I think it is a good idea if courses manage it properly. For me, golf by definition is 18-holes. Unfortunately, there is way too much slow play, so 18 holes can sometimes be agony. This option might pull some of the people who have no business playing 18 holes into an off hours short round of golf, and give some others who only want to “see if they’d like it” an option that doesn’t inconvenience other regular players.
    What is really needed is charging by the hour to play golf. If a golf property needs $40/round to make a profit and the expectation is a 4 hr round. You play for 4 hrs. You only made it to the 14th hole? Too bad, so sad, you’re done. Following groups who kept up can keep on playing. Need to know how to play fast/ready golf? Sign up for a workshop, your sign up fee applies toward a round of golf and maybe a free gift. Most slow players don’t know they’re slow, and don’t know how to correct it.

  53. John

    September 14, 2010 at 9:44 pm

    Real bad idea. What about rangers that actually move slow play? What an idea!

  54. Andy

    September 14, 2010 at 10:53 pm

    I would think this would create congestion for those of us who plan accordingly to play either 9 or 18 holes. If one doesn’t have the time to play golf as the game is played throughout the world, then hit a par 3 or executive course. Nine on an exec is could take less time than 6 regular holes. If you only want to play 6 of those 9 (about the time of 3 regular holes), the loss isn’t that much and it helps your short game immensely. Many execs/par 3’s have ranges nearby and you can hit the big boys afterward, if you have time. Golf is a fun game, but it takes time and dedication. If you don’t have the time to invest, then maybe another sport may work better.

  55. Susan Krancer

    September 15, 2010 at 4:22 am

    In theory, fewer holes will cost less money and take less time, so you would think it would make golf more attractive to a lot of people. It is too expensive, and it does take too long. However, if a course offering 3 and 6 hole options is successful in attracting the new golfers, it will likely lose the serious golfers. They will not want to play on a course that caters to the newbies. This will result in longer rounds of golf for the players who want to play 18 holes.

    Look at it from another angle… a 9 hole option is available now at most courses. How popular is playing 9 holes? Not very.

  56. Doug

    September 15, 2010 at 6:09 am

    This is like foreplay with no sex, bad idea….

  57. steven polevoy

    September 15, 2010 at 6:14 am

    golf at even the muny level is a time consuming and expensive game. a person who works, has kids and other obligations might not have the time for 18 or even 9 holes. why not allow a “quickie” as it were, on the way home once or twice a week? how about the beginner who is not sure that he or she even cares for the game? 3 holes or 6 holes might be just the small taste needed to turn that person into the golf junkie all of us have become. golf needs new blood. keep it in the late afternoon and it would be a good thing for the game.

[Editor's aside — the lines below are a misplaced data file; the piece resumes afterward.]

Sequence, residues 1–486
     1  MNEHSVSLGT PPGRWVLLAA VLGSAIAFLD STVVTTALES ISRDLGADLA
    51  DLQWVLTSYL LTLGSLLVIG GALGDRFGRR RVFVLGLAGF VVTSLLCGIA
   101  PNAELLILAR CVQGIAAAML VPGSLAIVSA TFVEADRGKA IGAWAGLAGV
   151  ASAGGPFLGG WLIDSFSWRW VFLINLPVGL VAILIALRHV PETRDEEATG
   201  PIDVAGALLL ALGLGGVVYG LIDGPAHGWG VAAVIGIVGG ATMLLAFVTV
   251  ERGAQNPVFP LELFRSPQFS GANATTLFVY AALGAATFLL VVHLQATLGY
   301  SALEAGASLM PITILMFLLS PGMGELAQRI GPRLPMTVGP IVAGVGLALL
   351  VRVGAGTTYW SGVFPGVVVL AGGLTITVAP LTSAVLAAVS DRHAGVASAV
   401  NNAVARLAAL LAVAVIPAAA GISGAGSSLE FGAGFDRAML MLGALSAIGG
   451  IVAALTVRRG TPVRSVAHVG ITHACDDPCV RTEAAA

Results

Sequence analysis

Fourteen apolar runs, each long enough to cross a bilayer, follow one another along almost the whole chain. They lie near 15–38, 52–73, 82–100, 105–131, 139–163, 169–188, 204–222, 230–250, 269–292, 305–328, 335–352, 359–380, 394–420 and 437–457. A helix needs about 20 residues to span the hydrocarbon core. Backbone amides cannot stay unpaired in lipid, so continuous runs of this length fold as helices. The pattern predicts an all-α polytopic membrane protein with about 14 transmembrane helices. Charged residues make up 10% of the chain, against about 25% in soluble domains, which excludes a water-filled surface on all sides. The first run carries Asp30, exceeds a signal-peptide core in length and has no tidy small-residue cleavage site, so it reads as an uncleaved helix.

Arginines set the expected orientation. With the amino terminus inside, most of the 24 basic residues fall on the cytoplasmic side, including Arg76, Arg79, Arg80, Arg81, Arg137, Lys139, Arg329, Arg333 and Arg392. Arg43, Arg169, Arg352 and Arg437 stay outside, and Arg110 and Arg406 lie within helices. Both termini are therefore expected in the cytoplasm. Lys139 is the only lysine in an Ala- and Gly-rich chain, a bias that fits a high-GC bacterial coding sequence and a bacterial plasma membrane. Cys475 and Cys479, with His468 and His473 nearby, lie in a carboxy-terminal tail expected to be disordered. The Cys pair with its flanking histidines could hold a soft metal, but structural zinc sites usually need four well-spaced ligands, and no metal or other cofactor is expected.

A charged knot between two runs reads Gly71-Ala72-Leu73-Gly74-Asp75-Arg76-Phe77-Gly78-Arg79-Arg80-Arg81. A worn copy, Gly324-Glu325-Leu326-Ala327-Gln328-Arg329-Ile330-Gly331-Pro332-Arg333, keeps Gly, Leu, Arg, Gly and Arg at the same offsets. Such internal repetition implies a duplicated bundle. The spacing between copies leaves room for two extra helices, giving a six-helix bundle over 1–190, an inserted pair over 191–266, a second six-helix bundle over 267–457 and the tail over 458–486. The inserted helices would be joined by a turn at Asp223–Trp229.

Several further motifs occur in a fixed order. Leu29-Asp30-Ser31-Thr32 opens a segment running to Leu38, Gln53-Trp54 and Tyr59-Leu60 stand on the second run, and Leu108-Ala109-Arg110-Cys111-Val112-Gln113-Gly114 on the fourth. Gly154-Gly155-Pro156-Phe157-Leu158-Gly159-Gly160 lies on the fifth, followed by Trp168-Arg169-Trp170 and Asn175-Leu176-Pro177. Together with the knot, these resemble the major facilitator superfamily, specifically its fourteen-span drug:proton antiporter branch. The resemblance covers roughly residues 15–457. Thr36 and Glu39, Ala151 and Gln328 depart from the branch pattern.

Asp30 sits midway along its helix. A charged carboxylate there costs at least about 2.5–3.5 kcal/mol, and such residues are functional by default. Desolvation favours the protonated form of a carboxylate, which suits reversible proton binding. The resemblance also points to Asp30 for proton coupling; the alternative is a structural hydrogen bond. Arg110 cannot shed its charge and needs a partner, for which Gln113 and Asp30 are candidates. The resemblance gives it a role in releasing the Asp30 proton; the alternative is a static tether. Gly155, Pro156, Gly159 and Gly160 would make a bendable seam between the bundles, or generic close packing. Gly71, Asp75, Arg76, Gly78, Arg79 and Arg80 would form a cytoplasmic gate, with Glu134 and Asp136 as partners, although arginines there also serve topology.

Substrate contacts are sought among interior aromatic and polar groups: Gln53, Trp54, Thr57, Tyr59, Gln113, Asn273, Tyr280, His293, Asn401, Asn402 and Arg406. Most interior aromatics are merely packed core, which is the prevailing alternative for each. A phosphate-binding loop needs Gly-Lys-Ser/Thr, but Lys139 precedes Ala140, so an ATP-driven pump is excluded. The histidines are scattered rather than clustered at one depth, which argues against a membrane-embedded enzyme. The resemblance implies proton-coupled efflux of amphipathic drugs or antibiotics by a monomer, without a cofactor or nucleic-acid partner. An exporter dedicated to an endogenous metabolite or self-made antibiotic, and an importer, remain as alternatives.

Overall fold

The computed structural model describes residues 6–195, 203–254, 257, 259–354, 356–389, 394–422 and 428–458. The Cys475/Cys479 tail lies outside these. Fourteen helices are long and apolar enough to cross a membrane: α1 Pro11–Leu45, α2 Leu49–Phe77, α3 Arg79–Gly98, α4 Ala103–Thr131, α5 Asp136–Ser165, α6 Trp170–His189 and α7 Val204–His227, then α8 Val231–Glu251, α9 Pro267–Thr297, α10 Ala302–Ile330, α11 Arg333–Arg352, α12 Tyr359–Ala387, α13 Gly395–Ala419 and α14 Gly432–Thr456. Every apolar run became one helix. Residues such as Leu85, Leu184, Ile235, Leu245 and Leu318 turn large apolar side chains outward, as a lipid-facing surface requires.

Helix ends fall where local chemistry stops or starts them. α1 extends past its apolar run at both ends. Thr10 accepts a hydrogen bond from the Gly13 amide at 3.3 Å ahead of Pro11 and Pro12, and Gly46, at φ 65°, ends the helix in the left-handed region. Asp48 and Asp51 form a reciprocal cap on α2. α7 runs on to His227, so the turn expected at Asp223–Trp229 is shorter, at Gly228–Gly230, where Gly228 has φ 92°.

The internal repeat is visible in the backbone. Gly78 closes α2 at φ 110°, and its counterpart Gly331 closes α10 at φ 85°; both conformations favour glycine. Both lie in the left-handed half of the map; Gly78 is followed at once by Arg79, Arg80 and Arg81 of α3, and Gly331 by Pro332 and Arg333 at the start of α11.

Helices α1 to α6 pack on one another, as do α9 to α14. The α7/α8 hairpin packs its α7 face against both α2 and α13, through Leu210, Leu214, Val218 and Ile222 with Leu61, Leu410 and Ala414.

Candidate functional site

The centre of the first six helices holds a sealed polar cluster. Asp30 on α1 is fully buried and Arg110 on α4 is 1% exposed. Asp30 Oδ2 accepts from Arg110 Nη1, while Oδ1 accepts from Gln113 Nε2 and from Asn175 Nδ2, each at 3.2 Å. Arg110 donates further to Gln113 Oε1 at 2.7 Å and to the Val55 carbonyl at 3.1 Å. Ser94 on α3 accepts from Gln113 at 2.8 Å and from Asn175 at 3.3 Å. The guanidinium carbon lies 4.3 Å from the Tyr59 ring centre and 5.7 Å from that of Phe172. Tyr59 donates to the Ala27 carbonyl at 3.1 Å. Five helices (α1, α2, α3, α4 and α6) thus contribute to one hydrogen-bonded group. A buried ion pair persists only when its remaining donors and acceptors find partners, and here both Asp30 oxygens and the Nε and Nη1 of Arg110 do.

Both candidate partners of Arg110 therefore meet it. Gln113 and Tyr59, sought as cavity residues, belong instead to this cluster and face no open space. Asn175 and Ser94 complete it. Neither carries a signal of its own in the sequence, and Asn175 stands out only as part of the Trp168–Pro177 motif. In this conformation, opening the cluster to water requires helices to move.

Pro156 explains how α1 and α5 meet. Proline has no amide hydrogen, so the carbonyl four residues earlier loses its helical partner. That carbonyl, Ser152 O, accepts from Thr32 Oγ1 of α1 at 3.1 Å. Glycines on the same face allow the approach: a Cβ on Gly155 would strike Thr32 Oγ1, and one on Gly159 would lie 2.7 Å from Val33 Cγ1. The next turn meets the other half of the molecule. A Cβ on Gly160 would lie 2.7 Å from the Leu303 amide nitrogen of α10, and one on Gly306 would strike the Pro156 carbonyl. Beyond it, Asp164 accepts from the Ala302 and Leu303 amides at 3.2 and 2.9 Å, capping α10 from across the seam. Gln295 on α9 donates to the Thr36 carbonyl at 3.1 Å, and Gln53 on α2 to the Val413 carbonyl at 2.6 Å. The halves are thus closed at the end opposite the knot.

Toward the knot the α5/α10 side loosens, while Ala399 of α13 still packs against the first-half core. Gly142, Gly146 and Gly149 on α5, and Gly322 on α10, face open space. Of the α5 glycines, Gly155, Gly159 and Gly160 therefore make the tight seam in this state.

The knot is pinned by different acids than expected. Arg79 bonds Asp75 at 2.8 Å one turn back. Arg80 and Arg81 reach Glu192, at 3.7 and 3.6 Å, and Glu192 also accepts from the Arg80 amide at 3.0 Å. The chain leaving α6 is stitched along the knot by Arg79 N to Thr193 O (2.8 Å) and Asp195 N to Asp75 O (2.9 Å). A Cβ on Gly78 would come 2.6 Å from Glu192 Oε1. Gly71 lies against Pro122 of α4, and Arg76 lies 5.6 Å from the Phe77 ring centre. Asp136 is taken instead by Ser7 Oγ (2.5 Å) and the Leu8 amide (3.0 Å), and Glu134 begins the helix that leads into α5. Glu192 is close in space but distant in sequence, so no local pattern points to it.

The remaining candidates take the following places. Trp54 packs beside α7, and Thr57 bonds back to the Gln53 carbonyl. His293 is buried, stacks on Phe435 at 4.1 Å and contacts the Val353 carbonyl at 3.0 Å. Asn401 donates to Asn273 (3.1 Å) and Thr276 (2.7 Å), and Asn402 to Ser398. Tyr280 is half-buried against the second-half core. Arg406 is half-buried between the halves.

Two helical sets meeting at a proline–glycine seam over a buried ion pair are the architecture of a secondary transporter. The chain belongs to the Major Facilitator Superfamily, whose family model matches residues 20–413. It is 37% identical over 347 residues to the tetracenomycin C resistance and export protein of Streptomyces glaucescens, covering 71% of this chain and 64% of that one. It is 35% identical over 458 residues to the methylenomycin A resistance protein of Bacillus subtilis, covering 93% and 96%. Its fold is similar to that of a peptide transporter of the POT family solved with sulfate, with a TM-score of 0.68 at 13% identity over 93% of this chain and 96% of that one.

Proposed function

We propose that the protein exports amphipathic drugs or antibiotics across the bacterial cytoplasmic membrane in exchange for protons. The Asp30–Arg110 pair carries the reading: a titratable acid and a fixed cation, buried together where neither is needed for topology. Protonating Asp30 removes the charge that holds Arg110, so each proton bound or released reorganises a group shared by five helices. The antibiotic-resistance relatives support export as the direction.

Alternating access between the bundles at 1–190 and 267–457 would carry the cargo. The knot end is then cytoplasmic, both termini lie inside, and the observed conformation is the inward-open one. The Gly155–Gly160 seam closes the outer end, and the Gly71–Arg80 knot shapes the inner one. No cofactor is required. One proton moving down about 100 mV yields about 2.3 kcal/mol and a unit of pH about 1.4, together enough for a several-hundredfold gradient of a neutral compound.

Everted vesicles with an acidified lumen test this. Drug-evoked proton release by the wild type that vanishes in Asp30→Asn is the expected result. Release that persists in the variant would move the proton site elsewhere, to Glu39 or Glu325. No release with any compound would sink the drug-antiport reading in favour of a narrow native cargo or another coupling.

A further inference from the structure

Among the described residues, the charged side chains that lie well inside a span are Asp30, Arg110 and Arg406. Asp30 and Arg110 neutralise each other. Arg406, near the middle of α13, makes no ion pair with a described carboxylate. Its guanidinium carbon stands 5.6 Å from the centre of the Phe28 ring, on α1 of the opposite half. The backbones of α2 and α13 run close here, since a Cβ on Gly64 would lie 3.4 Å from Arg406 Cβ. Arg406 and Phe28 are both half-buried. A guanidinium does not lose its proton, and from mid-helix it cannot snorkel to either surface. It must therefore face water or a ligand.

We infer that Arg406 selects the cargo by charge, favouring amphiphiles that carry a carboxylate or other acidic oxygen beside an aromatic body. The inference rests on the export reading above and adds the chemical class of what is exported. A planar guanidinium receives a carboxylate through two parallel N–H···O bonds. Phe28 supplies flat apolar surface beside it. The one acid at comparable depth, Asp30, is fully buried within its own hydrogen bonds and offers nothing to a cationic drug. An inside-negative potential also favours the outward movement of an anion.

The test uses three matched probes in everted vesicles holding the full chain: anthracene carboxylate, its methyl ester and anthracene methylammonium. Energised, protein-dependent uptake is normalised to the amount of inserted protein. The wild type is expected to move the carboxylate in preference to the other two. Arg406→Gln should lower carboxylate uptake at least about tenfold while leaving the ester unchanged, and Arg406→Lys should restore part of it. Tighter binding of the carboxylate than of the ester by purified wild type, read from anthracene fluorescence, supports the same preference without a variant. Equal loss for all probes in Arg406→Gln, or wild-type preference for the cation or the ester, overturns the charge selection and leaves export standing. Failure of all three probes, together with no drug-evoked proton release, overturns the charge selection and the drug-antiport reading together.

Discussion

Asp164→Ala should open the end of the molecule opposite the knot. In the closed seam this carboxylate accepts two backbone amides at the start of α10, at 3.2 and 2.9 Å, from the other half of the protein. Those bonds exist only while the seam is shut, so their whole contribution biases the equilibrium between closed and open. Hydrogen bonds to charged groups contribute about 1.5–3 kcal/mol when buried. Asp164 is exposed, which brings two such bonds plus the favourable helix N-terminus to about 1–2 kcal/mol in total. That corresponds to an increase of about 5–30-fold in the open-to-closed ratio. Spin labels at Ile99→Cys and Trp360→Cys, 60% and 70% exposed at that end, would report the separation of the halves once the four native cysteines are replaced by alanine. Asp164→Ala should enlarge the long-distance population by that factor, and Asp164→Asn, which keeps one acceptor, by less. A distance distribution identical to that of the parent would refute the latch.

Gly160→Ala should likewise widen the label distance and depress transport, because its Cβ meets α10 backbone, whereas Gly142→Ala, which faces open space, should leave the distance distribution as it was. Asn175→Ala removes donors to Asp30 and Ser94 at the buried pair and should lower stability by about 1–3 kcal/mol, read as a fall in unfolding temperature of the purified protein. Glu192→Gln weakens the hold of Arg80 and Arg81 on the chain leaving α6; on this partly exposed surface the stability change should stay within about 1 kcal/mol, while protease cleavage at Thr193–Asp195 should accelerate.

58. sparky

    September 15, 2010 at 8:58 am

    The only thing you have to do to cut time down is get people to realize you don’t have to make that 1 foot putt. Another option to speed up play is get those people out of the bush that spend 10 minutes looking for their golf ball. I am sure it is not the cost of the ball keeping these people in the bush but the two strokes for lost ball. What could be done is take a drop where the ball entered the bush instead of reteeing or going back to the tee box after not finding the ball

  59. Bruce Lea

    September 15, 2010 at 9:10 am

    The head pro at Rivermont in John’s Creek, GA, a suburb of Atlanta, had an interesting editorial in the GSGA’s magazine a few months ago with some very creative ideas about how to offer limited hole (e.g. 3 or 6) options for kids with parents as a less expensive, less time consuming way to get youngsters involved in the game. His primary goal with these ideas would be to get kids interested in the game. One idea if I recall correctly was a time period on Saturday morning, say 8:00-9:00, when they could tee off on hole #15 or 16. They would be finished well before even the earliest/fastest players reached those holes, assuming tee times all started at #1. I can’t remember all the details, but if you contact him, I’m sure he’ll forward the article to you. His last name is Cupit, brother of former tour player Jackie Cupit, and he may be current president of the GSGA.

  60. Kit Shay

    September 15, 2010 at 10:55 am

    The reponces to this post were so many that I didn’t wade through them all, however, those that I did failed to mention that if this is to be a way to bring new blood into the game, perhaps the ideal solution would be to build a “12 hole course”. Players could opt to play 6,12 or 18 holes. Instead of it being an “after 5pm” affair, it could be a complete format played at anytime of day. It would be a bit of a problem for those opting to play 18 holes for the starter, but what they hay, I’m sure it could be worked out by balancing it with the 6 hole players. Course costs and maintenance costs would be reduced and therefore ideal for community courses that are cash strapped. Now, I can jump in to play a short six without backing up the course for the 18 hole players and we can still bring new blood into the game that would hopefully move on to the regular format of 9 or 18 holes provided for on regular courses. Just my 2 cents.